The work-from-home revolution has been gaining stature since the coronavirus pandemic when millions of workers were legally obligated to remain in place – in turn, accelerating a totemic shift in the way we work. The popularity of remote working has made it difficult for employers to bring their staff back to the office; it cannot be denied that working from home provides more comfort for many than the office. What, then, can employers do to address their workspaces and make for a more comfortable working environment?
The most important consideration for rendering your business premises employee-friendly is, of course, safety. There are airtight regulations in place to protect the nation’s workers from hazardous elements and situations, overseen by the Occupational Health and Safety Administration (OSHA). While the most immediate hazards that come to mind relate to working from height, with dangerous tools, or with electricity, a far more common and pernicious risk presents in the form of musculoskeletal disorder.
Ergonomics are a key provision for administrative and office workers, where something as innocuous as poor posture can lead to a wide variety of debilitating and painful conditions. Comfortable, ergonomic seating is the bare minimum an office should offer to ensure employee comfort.
Temperature is another key thought regarding office comfort, often being the most noticeable facet of an office environment when it comes to workers. Cold offices are distracting to a fault, especially where small space heaters are inefficient and ineffective at improving things for individuals. Hot offices, meanwhile, are stuffy and uncomfortable – with similar distracting tendencies and little opportunities for individual recourse.
The best solution would be an integrated AC system that can regulate temperature across spaces and rooms. Sensors from a wholesaler like RS Americas would enable the system to run relatively autonomously, while numerous smaller units would allow more granular control of temperature from space to space.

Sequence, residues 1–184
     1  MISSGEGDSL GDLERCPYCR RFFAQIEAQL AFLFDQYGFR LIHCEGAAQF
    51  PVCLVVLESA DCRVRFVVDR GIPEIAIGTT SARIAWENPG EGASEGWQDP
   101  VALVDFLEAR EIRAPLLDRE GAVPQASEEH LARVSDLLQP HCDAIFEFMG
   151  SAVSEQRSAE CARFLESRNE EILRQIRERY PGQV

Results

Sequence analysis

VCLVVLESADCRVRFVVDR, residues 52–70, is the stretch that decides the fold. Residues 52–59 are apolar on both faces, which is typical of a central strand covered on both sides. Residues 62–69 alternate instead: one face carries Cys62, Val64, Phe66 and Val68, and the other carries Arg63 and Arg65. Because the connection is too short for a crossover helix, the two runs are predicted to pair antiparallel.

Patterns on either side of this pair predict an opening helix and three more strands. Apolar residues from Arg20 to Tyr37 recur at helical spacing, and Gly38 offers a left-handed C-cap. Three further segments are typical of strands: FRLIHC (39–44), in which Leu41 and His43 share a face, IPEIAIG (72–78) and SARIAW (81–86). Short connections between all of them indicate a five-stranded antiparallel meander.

Lighting and Color
The visual aspect of the office cannot be ignored, either. Employees need adequate and comfortable light in which to work – and fluorescent lights are not enough to provide a comfortable and engaging environment. Natural light should be utilized where possible, as should warm task lighting for a comfortable desk experience.
On a more essential level, how you lay out your office space can have a dramatic impact on the comfort and productivity of your staff. The efficacy of a given layout schema will depend on the nature of your business, but there are some general considerations you might take into account to improve things for your workers.
Cubicle offices fell very much out of fashion in the 21st century, but there is something to be said for providing your workers with individual private spaces to work and focus. The trick is in offsetting private working spaces with communal environments for collaboration and social engagement; as well as partitioning off individual office spaces, you might also consider creating breakout spaces with comfortable sofas and hot desks, where workers can choose to spend their day instead of between partitions.